Given a simple three table join, query performance changes drastically when ORDER BY is included even with no rows returned. Actual problem scenario take 30 seconds to return zero rows but is instant when ORDER BY not included. Why?

FROM tinytable t                          /* one narrow row */
JOIN smalltable s on t.id=s.tinyId        /* one narrow row */
JOIN bigtable b on b.smallGuidId=s.GuidId /* a million narrow rows */
WHERE t.foreignId=3                       /* doesn't match */
ORDER BY b.CreatedUtc          /* try with and without this ORDER BY */

I understand that I could have an index on bigtable.smallGuidId, but, I believe that would actually make it worse in this case.

Here's script to create/populate the tables for test. Curiously, it seems to matter that smalltable has an nvarchar(max) field. It also seems to matter that I'm joining on the bigtable with a guid (which I guess makes it want to use hash matching).

CREATE TABLE tinytable
     id        INT PRIMARY KEY IDENTITY(1, 1),
     foreignId INT NOT NULL

CREATE TABLE smalltable
     id     INT PRIMARY KEY IDENTITY(1, 1),
     tinyId INT NOT NULL,

     id          INT PRIMARY KEY IDENTITY(1, 1),

INSERT tinytable

INSERT smalltable

-- make a million rows 

SET @i=20;

INSERT bigtable
FROM   smalltable;

WHILE @i > 0
      INSERT bigtable
      SELECT smallGuidId
      FROM   bigtable;

      SET @i=@i - 1;

I've tested on SQL 2005, 2008 and 2008R2 with same results.

5 Answers 5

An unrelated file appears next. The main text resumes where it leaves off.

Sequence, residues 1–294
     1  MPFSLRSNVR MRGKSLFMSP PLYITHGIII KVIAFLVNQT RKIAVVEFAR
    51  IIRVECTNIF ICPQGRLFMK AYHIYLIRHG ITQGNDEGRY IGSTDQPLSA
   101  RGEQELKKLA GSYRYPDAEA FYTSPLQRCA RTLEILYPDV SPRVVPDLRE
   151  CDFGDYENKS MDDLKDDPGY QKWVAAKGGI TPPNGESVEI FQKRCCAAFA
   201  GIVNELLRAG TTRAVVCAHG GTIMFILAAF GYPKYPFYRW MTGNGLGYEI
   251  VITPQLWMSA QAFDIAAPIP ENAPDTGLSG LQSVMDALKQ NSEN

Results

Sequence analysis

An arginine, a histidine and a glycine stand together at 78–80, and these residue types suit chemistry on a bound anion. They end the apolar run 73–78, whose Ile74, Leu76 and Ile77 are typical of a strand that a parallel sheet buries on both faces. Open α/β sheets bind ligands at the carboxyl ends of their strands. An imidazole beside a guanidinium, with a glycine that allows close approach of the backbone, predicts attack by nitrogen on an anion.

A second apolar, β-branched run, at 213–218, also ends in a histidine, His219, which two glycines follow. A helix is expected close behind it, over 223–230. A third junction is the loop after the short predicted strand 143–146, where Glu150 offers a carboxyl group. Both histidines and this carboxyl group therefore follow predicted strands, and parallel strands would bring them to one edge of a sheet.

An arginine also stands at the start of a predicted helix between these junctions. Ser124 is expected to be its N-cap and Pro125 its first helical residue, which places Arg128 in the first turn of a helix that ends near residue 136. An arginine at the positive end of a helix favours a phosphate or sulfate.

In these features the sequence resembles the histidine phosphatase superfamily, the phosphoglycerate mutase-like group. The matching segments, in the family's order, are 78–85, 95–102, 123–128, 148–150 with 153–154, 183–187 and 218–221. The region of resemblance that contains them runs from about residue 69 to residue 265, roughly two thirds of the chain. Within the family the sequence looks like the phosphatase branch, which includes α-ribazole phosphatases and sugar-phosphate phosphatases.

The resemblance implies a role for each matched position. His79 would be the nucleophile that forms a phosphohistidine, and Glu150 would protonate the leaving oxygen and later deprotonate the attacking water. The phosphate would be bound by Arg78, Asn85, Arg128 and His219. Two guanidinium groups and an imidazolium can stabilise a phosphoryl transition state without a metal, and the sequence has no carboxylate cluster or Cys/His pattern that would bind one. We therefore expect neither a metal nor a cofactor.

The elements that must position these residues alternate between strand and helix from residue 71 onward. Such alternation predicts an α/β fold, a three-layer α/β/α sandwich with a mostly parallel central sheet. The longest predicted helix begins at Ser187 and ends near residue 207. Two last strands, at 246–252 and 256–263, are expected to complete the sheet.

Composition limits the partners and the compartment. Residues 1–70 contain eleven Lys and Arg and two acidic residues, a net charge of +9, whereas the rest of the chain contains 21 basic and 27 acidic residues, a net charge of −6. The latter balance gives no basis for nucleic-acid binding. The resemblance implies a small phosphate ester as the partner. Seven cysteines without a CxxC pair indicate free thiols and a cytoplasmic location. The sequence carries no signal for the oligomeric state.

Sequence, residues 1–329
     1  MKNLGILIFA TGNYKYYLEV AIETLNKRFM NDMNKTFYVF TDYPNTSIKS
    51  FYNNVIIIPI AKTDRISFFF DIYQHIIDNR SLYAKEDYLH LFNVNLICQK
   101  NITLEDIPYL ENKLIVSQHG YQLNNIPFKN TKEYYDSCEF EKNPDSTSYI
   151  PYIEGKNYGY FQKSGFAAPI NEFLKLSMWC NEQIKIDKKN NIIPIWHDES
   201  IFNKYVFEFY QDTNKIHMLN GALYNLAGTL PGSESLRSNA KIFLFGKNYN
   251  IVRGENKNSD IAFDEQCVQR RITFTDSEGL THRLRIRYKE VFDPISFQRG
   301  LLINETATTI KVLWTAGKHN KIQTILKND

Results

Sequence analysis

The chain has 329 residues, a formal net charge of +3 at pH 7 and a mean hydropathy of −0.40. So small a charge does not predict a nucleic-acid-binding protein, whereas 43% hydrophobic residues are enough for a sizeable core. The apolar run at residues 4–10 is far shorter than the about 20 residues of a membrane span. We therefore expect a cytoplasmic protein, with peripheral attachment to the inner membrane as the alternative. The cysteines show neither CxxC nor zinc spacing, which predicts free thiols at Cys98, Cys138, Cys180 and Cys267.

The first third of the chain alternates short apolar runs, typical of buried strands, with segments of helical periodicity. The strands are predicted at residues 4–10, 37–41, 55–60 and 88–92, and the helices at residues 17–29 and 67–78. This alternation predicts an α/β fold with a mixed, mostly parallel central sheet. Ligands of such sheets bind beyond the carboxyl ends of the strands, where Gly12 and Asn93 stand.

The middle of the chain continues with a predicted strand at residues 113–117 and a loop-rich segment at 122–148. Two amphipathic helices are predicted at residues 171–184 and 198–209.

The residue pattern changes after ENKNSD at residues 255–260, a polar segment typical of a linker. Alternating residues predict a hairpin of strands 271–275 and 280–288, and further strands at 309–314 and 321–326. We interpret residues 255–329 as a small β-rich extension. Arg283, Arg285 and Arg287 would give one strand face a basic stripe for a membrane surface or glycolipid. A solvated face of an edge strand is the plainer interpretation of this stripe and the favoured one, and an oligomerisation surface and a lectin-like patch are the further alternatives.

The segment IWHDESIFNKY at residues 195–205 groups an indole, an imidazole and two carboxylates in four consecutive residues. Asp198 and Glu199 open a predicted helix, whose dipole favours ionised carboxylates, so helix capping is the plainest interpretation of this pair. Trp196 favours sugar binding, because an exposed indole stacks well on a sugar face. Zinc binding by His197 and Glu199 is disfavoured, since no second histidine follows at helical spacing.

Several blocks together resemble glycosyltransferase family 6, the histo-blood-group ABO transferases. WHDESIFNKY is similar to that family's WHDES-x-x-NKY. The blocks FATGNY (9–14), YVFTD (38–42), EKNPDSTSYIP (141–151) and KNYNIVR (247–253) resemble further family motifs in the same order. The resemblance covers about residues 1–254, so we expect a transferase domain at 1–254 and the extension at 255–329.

I agree with Martin Smith's answer, but the problem is not simply one of statistics, exactly. The statistics for the foreignId column (assuming automatic statistics are enabled) accurately show that no rows exist for a value of 3 (there's just one, with a value of 7):


statistics output

SQL Server knows that things might have changed since the statistics were captured, so there might be a row for value 3 when the plan is executed. In addition, any amount of time might elapse between plan compilation and execution (plans are cached for reuse, after all). As Martin says, SQL Server contains logic to detect when sufficient modifications have been made to justify recompiling any cached plan for optimality reasons.

None of this ultimately matters, however. With one edge-case exception, the optimizer will never estimate the number of rows produced by a table operation to be zero. If it can statically determine that the output must always be zero rows, the operation is redundant and will be removed completely.

The optimizer's model instead estimates a minimum of one row. Employing this heuristic tends to produce better plans on average than would be the case if a lower estimate was possible. A plan that produces a zero-row estimate at some stage would be useless from that point on in the processing stream, since there would be no basis to make cost-based decisions (zero rows is zero rows no matter what). If the estimate turns out to be wrong, the plan shape above the zero row estimate stands almost no chance of being reasonable.

The second factor is another modelling assumption called the Containment Assumption. This essentially says that if a query joins a range of values with another range of values, it is because the ranges overlap. Another way to put this is to say that the join is being specified because rows are expected to be returned. Without this reasoning, costs would be generally underestimated, resulting in poor plans for a broad range of common queries.

Essentially, what you have here is a query that doesn't fit the optimizer's model. There's nothing we can do to 'improve' estimates with multi-column or filtered indexes; there's no way to get an estimate lower than 1 row here. A real database might have foreign keys to ensure that this situation could not arise, but assuming that is not applicable here, we are left with using hints to correct the out-of-model condition. Any number of different hint approaches will work with this query. OPTION (FORCE ORDER) is one that happens to work well with the query as written.


The basic problem here is one of statistics.